Confusingly, to my eyes, the broadcast image hardly ever corresponded to the image on the field. So loggers had to drag the mouse to a spot that had nothing to do with the ball’s location in the video rectangle. None of the loggers I watched got stuck on this point: After all, this was the 38th and last match of the season.

Each of the 10 matches had a pair of analysts assigned to it, plus a checker. Each analyst had his own monitor and tracked only one team’s touches. Sometimes the analysts conferred over calls — “Is it a tackle?” was a question in the fourth minute of the Liverpool match. (It wasn’t.)

Until eight years ago, Opta didn’t even produce the live numbers that are now such a staple of TV broadcasts. Pettitt started at Opta in 2001, fortunately just as the company was phasing out pen-and-paper logging. He wasn’t lucky enough to miss the VCR era. “My elbow started aching after a while” from all the rewinding, he recalled.

The more unusual a team’s formation, the harder it is to log its matches. A well-organized side like Barcelona can be easy to log, Khalid Hussain, U.K. training manager for Opta, said. Today he particularly enjoys challenging matches.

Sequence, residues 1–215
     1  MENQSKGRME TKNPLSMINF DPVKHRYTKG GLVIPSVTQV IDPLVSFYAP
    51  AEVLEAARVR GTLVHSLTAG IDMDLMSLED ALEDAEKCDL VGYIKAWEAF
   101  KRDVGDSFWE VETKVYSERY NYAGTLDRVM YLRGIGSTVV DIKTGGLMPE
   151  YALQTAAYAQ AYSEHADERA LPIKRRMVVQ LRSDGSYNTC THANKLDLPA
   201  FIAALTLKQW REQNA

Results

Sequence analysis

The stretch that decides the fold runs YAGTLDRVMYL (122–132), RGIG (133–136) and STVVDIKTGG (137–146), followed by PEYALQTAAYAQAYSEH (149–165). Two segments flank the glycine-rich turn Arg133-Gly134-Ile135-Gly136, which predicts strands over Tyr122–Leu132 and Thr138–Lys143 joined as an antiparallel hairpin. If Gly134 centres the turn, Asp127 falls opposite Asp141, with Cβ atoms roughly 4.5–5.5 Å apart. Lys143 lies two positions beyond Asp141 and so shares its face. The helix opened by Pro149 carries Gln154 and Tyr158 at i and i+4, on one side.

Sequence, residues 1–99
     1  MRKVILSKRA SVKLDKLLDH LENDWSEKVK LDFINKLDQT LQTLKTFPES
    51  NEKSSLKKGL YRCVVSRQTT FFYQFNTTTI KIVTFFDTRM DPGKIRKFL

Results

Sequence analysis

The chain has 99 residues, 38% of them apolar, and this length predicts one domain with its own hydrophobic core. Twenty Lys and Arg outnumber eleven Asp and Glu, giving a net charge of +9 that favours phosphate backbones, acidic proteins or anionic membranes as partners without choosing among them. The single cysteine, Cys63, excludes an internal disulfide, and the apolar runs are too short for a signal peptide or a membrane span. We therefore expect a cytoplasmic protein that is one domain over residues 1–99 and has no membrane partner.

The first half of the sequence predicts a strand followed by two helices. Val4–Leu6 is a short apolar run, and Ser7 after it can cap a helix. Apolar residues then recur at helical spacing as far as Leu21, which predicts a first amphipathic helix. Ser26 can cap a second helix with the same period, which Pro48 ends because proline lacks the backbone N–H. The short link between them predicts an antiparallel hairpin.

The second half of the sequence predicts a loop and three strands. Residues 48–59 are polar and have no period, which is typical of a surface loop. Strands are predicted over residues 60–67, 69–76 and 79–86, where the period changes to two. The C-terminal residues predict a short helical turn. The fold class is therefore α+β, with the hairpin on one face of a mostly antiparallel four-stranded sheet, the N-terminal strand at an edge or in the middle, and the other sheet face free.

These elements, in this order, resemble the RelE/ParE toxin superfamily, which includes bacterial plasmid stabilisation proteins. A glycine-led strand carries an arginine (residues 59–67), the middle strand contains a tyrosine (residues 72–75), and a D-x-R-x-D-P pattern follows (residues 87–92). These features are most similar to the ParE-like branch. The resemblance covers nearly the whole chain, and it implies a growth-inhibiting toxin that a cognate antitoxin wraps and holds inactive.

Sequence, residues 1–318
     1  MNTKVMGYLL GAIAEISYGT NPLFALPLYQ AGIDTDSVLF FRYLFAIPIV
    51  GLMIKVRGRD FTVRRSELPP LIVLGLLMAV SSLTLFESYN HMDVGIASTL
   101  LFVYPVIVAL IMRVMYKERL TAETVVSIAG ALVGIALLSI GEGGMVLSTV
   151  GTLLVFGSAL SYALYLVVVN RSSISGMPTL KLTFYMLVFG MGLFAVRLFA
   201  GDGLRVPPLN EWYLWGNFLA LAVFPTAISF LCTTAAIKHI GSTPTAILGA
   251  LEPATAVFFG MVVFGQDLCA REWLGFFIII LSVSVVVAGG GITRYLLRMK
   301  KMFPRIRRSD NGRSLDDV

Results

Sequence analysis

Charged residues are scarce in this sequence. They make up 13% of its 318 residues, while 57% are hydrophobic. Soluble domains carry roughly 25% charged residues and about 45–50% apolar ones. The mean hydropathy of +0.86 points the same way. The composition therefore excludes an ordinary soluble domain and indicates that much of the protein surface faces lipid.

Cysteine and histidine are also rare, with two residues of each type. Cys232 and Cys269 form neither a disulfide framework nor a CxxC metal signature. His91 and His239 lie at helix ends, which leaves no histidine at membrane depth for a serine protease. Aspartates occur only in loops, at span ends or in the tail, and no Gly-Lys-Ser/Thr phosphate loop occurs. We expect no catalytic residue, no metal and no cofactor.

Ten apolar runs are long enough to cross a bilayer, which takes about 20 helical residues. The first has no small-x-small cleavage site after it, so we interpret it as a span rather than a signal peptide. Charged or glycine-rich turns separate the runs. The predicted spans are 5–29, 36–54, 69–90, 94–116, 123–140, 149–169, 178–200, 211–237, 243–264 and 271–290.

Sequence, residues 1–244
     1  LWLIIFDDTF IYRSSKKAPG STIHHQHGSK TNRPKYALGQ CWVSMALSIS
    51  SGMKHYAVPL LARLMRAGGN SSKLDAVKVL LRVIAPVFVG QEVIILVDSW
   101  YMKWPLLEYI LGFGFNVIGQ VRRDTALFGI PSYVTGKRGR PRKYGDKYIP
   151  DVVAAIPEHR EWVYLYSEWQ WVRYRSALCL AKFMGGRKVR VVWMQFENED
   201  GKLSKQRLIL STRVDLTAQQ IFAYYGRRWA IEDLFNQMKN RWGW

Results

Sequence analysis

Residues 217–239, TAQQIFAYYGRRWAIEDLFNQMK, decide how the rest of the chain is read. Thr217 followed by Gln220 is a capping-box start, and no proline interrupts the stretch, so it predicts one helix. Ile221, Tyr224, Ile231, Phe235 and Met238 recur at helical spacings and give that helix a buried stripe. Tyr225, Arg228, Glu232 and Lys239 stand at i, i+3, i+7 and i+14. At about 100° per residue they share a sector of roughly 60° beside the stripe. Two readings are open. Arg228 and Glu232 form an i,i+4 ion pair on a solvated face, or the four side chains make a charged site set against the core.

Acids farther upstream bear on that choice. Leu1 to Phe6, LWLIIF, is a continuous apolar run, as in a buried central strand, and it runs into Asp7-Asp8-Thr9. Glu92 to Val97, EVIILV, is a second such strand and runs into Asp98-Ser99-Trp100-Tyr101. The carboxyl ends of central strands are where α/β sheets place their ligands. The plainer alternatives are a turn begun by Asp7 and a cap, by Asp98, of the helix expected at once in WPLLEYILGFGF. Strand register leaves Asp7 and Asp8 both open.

At his peak, Hussain was logging 10 to 15 matches a week during each Premier League season. His primary assignment was Arsenal, and he also worked four nights a week covering matches around the world. He once logged six matches in a day. “Then I went home at the end, in a pretty bad state,” he said.

All this meticulous work changed how Hussain, now 33, watches soccer. He became “very passionate” about Arsenal, to the point where he’d enjoy watching a Gunners match against Stoke more than Real Madrid versus Barcelona, a minority opinion in global soccer. When he clicked a name at one end of the pitch and then entered the same name at the other end seconds later, he came to appreciate the players who covered a lot of territory more than the flashy dribblers.

And he learned that his previous pet stat of possession time doesn’t mean much. “Working here burst that bubble,” Hussain said. “It doesn’t matter how much ball you’ve got. You’ve still got to do something with it.”